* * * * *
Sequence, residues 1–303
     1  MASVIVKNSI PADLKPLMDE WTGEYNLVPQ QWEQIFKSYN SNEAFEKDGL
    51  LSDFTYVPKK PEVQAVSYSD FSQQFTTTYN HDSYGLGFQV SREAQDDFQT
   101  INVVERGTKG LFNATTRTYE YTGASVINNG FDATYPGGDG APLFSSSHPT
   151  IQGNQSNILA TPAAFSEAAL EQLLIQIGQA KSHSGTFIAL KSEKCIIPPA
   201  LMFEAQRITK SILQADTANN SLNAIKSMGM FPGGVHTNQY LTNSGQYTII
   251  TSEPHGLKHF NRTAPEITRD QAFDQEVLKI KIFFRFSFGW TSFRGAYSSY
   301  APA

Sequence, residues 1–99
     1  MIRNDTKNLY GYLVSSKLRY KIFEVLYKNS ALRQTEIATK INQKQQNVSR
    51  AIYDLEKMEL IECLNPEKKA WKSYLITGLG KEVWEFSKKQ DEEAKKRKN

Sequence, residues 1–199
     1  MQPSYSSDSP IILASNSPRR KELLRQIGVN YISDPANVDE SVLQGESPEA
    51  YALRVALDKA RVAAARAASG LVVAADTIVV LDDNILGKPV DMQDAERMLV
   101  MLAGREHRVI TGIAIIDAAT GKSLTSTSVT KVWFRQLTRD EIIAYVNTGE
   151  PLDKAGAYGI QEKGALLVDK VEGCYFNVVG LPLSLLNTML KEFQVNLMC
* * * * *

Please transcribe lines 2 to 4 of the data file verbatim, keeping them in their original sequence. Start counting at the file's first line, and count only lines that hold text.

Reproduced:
     1  MASVIVKNSI PADLKPLMDE WTGEYNLVPQ QWEQIFKSYN SNEAFEKDGL
    51  LSDFTYVPKK PEVQAVSYSD FSQQFTTTYN HDSYGLGFQV SREAQDDFQT
   101  INVVERGTKG LFNATTRTYE YTGASVINNG FDATYPGGDG APLFSSSHPT